Style, Strengths and Weaknesses
Bentaleb is a central midfielder by trade, though he can play in the hole behind the striker or on the left wing. It is this versatility that saw him drift between under-19 and under-21 age groups as when Tom Carroll was absent for the older group, he was asked to step up to fill the attacking midfielder role. He can be used as a deeper lying holding midfielder, though at 5ft 8 and weighing just 160 lbs, it can be argued he lacks the physique to play there at the higher levels.
It was significant that Bentaleb was preferred by Sherwood ahead of the £9 million signing Ettiene Capoue against Southampton, marking a shift from the usually over-cautious era of Villas-Boas to one that advocates more abandon. He was introduced at 1-1 and into his regular role of an advanced play-maker. Left footed and a good dribbler, Bentaleb doesn’t possess a lot of pace but places an emphasis on close control and gifted technical ability as he pulls the strings in the middle of the field. His first duty when picking up the ball is to lift his head up and move it forwards with flair and guile.
Playing in a disciplined deeper role for a game against Sporting Lisbon, French Football Weekly compared him to Adel Taarabt as he dribbled himself out of tight spots with composed ease. However that can be argued as slightly harsh considering Bentaleb’s game, unlike Taarabt’s selfishly aimless running, is about supplying others and linking the play with nimble footwork and a large range of vision.
His likeliness to Taarabt possibly comes from an instance in the game where he showed unwillingness to track back, though as he matures and has further exposure to top flight football, he will surely begin to understand the importance of the more diligent side of the game. However his natural quality is in possession and it was his ability to manage the ball effectively that contributed hugely to Spurs’ win at Southampton, playing his natural game of moving possession between Christian Eriksen and Gylfi Sigurdsson. It was Bentaleb’s drive forwards to release Eriksen that forced their second goal via an own goal from Jos Hooiveld. He was composed and assured as he slotted in effortlessly to the midfield.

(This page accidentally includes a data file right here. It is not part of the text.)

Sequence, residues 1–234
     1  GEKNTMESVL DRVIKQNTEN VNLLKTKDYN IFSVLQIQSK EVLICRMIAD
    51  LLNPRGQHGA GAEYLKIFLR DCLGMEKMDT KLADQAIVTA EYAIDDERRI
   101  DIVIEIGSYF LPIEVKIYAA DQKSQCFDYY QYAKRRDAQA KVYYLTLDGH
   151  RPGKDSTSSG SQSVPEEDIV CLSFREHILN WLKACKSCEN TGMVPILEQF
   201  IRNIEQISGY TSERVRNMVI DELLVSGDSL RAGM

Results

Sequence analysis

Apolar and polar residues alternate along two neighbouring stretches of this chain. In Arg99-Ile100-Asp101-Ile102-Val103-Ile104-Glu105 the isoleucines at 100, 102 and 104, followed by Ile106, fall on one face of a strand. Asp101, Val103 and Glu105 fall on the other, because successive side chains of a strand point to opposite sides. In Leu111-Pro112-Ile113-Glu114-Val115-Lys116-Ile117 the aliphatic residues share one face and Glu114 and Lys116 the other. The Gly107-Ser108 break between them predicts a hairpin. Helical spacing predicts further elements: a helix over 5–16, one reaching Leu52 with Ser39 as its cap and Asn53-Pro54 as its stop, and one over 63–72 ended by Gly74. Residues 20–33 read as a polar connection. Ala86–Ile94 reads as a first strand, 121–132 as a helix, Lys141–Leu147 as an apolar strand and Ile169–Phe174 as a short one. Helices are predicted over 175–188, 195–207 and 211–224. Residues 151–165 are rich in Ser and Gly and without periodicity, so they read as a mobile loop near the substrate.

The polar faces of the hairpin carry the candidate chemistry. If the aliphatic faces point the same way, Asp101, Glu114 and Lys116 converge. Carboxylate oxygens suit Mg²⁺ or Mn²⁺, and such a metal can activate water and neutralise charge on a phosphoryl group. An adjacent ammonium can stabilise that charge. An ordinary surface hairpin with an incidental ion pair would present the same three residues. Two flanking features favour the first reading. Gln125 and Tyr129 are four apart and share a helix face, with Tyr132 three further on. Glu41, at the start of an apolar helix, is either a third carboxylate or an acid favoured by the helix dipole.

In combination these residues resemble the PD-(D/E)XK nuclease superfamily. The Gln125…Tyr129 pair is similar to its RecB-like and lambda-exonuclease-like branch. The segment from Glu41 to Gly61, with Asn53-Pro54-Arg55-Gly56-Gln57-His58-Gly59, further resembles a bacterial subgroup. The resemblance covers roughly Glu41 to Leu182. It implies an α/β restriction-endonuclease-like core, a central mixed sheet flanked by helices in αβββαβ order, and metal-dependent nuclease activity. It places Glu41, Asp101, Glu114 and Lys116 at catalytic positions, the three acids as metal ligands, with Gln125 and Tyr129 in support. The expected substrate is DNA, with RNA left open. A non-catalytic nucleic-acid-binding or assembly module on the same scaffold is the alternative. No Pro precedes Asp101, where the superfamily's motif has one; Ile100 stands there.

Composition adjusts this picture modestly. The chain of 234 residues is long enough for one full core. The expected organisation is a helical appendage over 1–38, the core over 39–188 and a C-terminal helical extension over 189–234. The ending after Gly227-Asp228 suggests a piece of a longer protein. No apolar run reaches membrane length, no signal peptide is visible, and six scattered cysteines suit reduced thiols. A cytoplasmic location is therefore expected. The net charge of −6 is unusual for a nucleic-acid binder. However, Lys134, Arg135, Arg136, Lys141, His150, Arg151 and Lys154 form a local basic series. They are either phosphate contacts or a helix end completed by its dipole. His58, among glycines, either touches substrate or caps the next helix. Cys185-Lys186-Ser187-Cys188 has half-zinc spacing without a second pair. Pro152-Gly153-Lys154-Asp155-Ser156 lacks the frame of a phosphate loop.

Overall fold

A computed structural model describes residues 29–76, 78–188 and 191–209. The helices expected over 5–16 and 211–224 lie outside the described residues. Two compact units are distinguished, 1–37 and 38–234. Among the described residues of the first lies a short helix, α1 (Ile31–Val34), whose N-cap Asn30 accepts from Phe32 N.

Bentaleb’s next move will be to possibly move out on loan in order to further aid his development, though it can not be argued that the most helpful route would be to enjoy more first team football under Sherwood at Spurs. With the new permanent coach fully aware of his talents and having shown previously he is willing to trust him at the highest level despite his startling lack of experience, it could be something not entirely, given his alarming rate of progression so far, beyond Bentaleb.
In Kenneth McEvoy, Shaquile Coulthirst and Harry Kane, as well as those buoyed to the fringes of the squad under Sherwood, Tottenham’s academy is proving to be largely fruitful. In Bentaleb, the 18 year old France under-19 international who can still opt to play for Algeria, they could have found a diamond in an otherwise troubled season.